Writing Tips Using Acting Techniques: Part 3

Writing Tips Using Acting Techniques: Part 3, guest post by Lisa Loving Dalton

(This is part 3 in the Writing Tips Using Acting Techniques series. You can find Part 1 here and Part 2 here).

Writing Tips Using Acting Techniques: Part 3, guest post by Lisa Loving Dalton
Atmospheres: The Soul of The Story

The single most absent yet critical element missing in storytelling by actors is Atmosphere- the vibration of the space. For a writer, the entire vibe of the story is critical as well and I believe writers are more aware of its power and role than most actors. Nonetheless, this bears addressing.

The Atmosphere is the result of the physical elements in a space or place, combined with the energetic quality in the air. Atmospheres are everywhere. Sometimes they are powerful and dominating like a hospital, cathedral or circus. Some are subtle yet permeate the air nonetheless. In all cases, they are at least half of the emotional impact that is made on the audience and the characters as they inhale the air.

Atmospheres are not wholly defined by the space. The Cathedral atmosphere for a coronation is different than for a funeral. The vibe in the hospital birth unit is different from the Oncology ward. What we know is that the things that happen in the space change the vibe. People change the atmosphere just through their thoughts.

Each book, blog, play, movie, story of any sort, will have a series of atmospheres. In fact, our basic genres are atmospheres: Romance, Action-Adventure, Historical Fiction, Memoir, Biography, Murder Mystery, Erotica, Sci-Fi, Self-Help, Business, Etc.

The Events change the atmospheres. Actors are encouraged to identify the major atmospheres in the story and “baptize” the sections by naming them. This might be likened to authors’ and writers’ chapter titles. Great juicy names evoke powerful images, engaging the soul of the audience.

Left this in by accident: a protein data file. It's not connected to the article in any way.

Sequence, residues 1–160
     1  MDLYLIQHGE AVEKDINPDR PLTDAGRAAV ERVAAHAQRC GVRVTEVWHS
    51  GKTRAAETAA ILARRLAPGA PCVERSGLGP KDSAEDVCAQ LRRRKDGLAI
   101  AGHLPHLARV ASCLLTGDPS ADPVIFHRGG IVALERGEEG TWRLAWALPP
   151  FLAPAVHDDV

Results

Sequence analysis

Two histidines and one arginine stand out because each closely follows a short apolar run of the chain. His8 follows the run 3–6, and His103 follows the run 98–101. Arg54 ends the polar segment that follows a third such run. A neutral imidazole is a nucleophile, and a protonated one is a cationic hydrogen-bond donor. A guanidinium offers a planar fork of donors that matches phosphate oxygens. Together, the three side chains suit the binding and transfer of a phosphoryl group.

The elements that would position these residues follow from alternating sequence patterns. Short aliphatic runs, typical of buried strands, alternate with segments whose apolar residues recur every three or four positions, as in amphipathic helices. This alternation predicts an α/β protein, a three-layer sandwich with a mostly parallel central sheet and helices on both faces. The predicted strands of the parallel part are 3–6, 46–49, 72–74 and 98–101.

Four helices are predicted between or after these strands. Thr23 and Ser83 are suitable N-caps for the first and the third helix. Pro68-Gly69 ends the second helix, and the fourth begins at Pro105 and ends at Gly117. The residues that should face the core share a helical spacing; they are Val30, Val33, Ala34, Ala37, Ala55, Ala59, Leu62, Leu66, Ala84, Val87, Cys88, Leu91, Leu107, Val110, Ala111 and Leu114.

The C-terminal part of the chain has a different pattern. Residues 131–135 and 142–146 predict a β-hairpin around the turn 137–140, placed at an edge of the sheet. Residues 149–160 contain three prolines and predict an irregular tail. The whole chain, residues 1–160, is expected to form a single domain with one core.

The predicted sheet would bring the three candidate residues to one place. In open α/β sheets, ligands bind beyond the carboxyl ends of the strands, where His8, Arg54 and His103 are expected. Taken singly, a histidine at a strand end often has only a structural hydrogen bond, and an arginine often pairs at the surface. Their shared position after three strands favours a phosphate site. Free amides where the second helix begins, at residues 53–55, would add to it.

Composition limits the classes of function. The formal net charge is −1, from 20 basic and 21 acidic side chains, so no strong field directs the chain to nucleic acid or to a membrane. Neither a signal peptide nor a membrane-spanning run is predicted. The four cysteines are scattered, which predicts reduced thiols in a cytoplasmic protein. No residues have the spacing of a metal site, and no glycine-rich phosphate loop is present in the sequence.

If one imagines that your hands can move as the molecules of the air might be moving in that cemetery or at the beach, this can help get the feel you are looking for, into your whole body. Give your self a break. It is fun to let the whole body shake out and move with the energy of the atmosphere you are writing about. When you resume, you will have your whole body, mind and spirit inspiring you.

Try to think back on some great writing that you read long ago. What do you remember about it? Chances are you will remember a few very specific images of the characters or an event, and mostly, you will remember the overall atmospheres that were so powerful in the story. The atmosphere is the first thing to permeate the reader and the last thing to linger. It is well worth understanding atmospheres.

Practice “baptizing” atmospheres that you experience in everyday life. Notice how the atmospheres change, and when they do, how people walk, talk and do things differently because of the atmosphere. This exercise will train you to think in terms of describing juicy atmospheres when you write

Reach out to me with questions and for more information about using Michael Chekhov’s Acting Technique for Writing. 

Writing Tips Using Acting Techniques: Part 3, guest post by Lisa Loving Dalton
From a bullied, dyslexic, messy, freckle-faced, klutzy pixie, Lisa Loving Dalton grew into a statuesque and skillful stuntwoman, actor, director, teacher, author, filmmaker, leadership and life coach, and ceremonial minister. Always seeking and finding the silver lining, she has made the most of whatever life threw at her. She says, “I spill stuff, trip and drip all of the time so I made a career out of it. My advice: Embrace what is as perfect.”

Dalton appeared in more than 200 films, television shows and commercials in New York, Hollywood and Texas, including work in Ghostbusters, Money Pit, Crocodile Dundee, Married to the Mob, FX, Legal Eagles, and Splash on the big screen and ER, HBO’s Carnivale, Dr. Quinn and Melrose Place among her many TV credits.

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